Within ULM-2, Emiel van Miltenburg focusses on the perception of images and sounds.
If we ever want to communicate with computers, it is essential that they understand the close ties between the language we use and the world around us. In this second Spinoza project, we study how people talk about sounds and images, in order to understand what it takes for machines to do the same. In this work, we emphasize the role of world knowledge and everyday expectations. When you ask people to describe a sound or an image, people rarely take those sounds and images at face value. Rather, they start to interpret and (re-)contextualize whatever is presented to them. One of the challenges in this project is to show how the language people use to describe sounds and images can be traced back to their perspective on the world.
Sound similarity by Emiel van Miltenburg. The graph shows tags from the Freesound Database, clustered by their similarity.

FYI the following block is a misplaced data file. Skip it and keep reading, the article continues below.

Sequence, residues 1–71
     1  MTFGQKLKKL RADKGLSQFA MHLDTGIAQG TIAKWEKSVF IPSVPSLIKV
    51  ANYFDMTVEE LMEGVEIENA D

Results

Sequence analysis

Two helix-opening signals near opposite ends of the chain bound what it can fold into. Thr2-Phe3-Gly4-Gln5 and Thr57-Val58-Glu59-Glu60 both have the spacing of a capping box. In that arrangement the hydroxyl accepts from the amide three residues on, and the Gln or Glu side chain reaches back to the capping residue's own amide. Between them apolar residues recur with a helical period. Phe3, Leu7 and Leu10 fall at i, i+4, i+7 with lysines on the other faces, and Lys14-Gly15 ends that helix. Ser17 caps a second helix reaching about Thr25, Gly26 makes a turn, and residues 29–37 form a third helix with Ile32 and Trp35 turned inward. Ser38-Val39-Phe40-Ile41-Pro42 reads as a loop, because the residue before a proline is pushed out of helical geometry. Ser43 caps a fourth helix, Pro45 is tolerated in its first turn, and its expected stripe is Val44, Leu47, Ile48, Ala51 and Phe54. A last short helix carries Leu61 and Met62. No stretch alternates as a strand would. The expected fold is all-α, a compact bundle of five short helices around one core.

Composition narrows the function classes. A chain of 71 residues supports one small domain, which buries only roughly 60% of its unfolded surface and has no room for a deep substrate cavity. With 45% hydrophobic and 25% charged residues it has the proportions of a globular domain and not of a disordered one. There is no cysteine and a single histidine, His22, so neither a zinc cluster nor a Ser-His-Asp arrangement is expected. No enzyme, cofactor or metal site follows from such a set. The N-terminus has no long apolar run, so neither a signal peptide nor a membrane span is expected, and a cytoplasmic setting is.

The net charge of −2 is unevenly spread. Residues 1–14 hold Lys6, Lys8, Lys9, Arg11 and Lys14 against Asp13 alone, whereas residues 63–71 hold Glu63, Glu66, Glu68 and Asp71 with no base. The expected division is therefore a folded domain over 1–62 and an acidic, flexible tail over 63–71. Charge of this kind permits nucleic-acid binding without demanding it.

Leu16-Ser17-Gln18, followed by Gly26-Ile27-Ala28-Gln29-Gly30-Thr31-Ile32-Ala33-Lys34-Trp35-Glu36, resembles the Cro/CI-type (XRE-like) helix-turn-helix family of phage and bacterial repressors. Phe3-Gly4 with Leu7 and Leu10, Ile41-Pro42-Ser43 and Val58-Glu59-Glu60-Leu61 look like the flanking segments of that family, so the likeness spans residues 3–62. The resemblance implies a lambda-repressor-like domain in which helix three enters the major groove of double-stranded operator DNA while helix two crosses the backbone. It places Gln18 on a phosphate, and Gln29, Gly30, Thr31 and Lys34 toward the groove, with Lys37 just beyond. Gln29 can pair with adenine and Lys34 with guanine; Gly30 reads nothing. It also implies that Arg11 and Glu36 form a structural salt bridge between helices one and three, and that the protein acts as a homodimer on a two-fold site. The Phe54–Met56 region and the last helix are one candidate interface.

- The VU Sound Corpus
This dataset contains a large amount of sound effects that participants tried to name in an online experiment. This gives us an idea of the vocabulary that people use to describe sounds. Furthermore, our data shows our limited capability to recognize sounds without knowing their context.
- Negations in Flickr30K
This dataset contains image descriptions containing negations (words like no, nothing, without). We categorized these descriptions to see why people use negations in their descriptions.
- E. van Miltenburg, “Stereotyping and bias in the flickr30k dataset,” in Proceedings of multimodal corpora: computer vision and language processing (mmc 2016), 2016, pp. 1-4.
- E. van Miltenburg, B. Timmermans, and L. Aroyo, “The vu sound corpus: adding more fine-grained annotations to the freesound database,” in Proceedings of the ninth international conference on language resources and evaluation (lrec 2016), Portorož, Slovenia, pp. 26-31 2016.
- A. Lopopolo and E. van Miltenburg, “Sound-based distributional models,” in Proceedings of the 11th international conference on computational semantics, London, UK, 2015, pp. 70-75.